Next refurbishes stores with LED luminaires containing GE modules

Next, one of the UK's largest and best-known fashion and home-furnishing retail brands, has implemented an LED lighting scheme that incorporates a range of luminaires from UK-based Luxonic Lighting. In turn, these luminaires utilize Infusion LED modules from GE Lighting.

With over 530 stores across the UK, sustainability is a high priority for Next. One of its key aims is to improve energy efficiency and reduce energy use, with a target to achieve a 35% reduction in electricity consumption by 2015.

The Next leadership team identified an opportunity to make significant energy savings by upgrading the lighting installations in existing stores to led tubes , replacing MR16 halogens, ceramic-metal-halide lamps and compact-fluorescent lamps.

The customer was looking for a reliable solution providing superior light quality, including high CRI and lumen maintenance. Next also wanted future-proof technology, to take account of the quickly-evolving and developing LED market, and this pointed towards the use of replaceable LED modules.

Next specified GE Lighting's Infusion LED modules to be incorporated into Luxonic LED Twin Gimbal luminaires, Luxonic LED Window Lights and Luxonic LED Modular Trough luminaires. Luxonic specially developed the luminaires to run the LED modules correctly, and focused a great deal of attention to engineering detail, in order to meet Next's requirements.

For retailers, the Infusion LED module can help to create attention-grabbing displays, with the flexibility to change beam angles and light packages by simply swapping modules. It also offers future proofing, since the modules will be directly upgradeable as technology develops – allowing a direct replacement as efficiencies improve, without the need to change fixtures.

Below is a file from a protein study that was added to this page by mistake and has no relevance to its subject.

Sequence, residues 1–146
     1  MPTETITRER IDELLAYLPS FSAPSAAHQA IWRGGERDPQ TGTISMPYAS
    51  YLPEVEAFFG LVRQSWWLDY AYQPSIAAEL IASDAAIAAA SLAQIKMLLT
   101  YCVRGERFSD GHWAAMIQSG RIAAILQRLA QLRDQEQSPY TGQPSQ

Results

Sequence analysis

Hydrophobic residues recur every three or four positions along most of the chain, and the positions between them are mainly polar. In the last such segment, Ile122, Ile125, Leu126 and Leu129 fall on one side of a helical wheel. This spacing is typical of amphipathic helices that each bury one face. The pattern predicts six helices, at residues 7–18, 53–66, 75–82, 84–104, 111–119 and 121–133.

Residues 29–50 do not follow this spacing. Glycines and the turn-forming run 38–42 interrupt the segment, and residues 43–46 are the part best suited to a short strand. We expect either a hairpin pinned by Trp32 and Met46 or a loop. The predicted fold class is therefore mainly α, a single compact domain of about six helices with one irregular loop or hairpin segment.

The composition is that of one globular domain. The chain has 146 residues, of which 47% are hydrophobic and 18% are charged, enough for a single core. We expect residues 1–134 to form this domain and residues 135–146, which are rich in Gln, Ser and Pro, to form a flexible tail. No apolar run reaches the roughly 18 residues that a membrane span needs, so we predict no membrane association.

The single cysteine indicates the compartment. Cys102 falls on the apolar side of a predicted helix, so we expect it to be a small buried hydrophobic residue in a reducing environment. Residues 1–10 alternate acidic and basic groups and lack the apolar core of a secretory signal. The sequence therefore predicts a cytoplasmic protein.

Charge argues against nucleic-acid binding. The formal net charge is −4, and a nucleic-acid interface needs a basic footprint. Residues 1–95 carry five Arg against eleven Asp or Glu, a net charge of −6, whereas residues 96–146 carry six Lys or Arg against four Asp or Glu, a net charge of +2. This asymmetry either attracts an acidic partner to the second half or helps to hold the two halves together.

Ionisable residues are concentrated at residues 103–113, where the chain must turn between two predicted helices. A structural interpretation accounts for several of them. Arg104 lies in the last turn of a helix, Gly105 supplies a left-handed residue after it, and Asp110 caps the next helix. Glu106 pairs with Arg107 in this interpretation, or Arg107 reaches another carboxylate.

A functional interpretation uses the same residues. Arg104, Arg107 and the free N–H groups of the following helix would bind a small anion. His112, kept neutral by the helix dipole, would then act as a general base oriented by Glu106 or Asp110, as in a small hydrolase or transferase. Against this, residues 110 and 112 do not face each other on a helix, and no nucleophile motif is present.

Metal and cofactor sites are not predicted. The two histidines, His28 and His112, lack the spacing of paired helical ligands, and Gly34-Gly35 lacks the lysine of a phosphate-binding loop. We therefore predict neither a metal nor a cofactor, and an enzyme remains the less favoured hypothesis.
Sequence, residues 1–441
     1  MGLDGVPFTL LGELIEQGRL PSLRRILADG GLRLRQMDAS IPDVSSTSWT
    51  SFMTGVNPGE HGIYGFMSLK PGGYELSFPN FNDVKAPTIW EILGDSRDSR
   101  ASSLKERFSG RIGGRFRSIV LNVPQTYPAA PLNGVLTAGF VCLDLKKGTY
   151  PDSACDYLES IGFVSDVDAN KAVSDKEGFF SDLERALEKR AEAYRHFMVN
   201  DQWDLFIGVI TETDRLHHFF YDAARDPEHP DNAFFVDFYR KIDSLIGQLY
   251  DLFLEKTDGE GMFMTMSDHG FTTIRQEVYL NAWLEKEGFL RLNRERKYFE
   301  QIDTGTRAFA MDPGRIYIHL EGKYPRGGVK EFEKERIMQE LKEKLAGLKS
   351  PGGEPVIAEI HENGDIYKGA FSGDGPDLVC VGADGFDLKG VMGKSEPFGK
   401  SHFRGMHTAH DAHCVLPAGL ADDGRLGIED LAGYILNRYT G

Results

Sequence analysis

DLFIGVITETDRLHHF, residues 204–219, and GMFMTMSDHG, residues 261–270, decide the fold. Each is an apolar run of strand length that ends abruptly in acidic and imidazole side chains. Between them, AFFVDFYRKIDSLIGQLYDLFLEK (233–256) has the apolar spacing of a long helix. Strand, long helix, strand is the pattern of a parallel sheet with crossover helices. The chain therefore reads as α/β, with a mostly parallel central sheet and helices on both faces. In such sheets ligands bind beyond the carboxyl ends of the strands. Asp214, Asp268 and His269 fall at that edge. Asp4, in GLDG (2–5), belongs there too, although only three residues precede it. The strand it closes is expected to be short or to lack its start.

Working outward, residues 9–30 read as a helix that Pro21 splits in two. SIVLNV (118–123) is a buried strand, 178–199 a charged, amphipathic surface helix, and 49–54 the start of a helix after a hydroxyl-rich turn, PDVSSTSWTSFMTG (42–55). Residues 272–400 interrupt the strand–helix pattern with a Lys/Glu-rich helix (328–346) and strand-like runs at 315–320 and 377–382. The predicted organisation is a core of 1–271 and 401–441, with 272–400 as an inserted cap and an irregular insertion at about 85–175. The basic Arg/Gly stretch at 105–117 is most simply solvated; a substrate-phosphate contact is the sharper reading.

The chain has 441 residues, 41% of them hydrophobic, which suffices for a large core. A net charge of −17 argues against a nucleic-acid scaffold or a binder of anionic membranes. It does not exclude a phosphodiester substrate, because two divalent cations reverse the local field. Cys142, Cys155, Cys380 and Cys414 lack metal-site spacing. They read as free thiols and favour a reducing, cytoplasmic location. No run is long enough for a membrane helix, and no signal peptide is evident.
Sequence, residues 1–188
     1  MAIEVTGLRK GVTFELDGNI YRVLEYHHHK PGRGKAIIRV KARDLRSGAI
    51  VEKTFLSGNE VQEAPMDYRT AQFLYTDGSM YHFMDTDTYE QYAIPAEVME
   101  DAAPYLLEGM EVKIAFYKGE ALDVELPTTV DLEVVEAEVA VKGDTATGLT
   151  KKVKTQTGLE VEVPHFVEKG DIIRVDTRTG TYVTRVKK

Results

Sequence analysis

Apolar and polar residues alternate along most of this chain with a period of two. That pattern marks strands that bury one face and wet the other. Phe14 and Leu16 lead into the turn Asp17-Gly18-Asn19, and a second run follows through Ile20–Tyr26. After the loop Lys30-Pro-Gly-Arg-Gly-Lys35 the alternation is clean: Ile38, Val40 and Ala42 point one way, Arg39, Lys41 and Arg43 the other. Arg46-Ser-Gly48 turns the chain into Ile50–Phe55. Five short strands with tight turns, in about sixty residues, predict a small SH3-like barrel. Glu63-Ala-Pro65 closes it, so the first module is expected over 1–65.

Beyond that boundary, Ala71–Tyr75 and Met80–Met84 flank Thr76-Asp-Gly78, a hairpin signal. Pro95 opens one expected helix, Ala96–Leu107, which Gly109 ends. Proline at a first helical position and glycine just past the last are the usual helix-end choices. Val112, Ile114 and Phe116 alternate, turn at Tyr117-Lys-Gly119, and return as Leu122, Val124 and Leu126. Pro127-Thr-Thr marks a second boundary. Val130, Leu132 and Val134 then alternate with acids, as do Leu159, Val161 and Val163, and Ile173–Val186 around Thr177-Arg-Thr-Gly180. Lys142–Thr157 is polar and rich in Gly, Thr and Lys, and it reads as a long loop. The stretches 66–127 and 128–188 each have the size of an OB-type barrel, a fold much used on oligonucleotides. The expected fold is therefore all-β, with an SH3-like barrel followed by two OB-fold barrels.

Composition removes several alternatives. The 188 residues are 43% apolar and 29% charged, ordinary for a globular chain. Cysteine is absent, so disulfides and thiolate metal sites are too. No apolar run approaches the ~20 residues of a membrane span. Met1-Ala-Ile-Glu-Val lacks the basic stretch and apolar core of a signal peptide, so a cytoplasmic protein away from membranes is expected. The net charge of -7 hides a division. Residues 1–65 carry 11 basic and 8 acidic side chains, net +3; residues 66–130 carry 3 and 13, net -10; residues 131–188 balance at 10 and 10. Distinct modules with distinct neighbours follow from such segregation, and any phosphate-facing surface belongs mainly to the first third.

According to GE, the team at Next was "wary of unsubstantiated LED performance claims" and was assured by the "extensive test data available for the LED downlight, supporting its long-term performance promise."

"Making an informed decision about an LED system is currently very difficult as there are numerous products being sold on the market with varying performance claims," explained a spokesperson at Next.

"Therefore, we were meticulous in our selection process and set a variety of performance parameters for the final products. We are delighted with the lighting scheme. The stores not only look excellent but – for the next five to ten years – there will be no maintenance required."

They are far too new for us to know about any health consequences that may not show up for decades. And there may be no deleterious health effects, when all is said and done. (LEDs are better; though they emit no infrared, they contain far more colors than do fluorescents.) Who can say? But if you believe that our bodies evolved over the last two million years exposed only to full-spectrum lighting – such as sunlight, Led ceiling light, even the light from those old-fashioned bulbs – might you be just a bit concerned about the odd witches' brew that creates the white light of those new devices being mandated by law?

Here's what I do: I have bought boxes of old-fashioned 60-watt and 75-watt lightbulbs. They'll be impossible to obtain in a couple of years, but I now have enough to last the rest of my life. I use them now, in the winter. That's when lights must be on longer anyway. Their extra heat does not constitute much wasted energy during this cold season. During the summer, when our bodies are exposed to many hours of natural light anyway, I switch all the bulbs to the compact fluorescents.